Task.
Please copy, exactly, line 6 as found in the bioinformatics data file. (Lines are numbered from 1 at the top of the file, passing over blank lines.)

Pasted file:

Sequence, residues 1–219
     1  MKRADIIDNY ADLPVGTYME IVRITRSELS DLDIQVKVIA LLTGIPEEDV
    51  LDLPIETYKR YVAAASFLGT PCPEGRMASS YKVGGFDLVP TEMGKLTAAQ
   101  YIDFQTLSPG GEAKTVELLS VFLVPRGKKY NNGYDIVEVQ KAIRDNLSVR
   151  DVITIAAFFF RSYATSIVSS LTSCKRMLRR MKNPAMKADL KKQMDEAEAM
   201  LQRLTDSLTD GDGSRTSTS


   201  LQRLTDSLTD GDGSRTSTS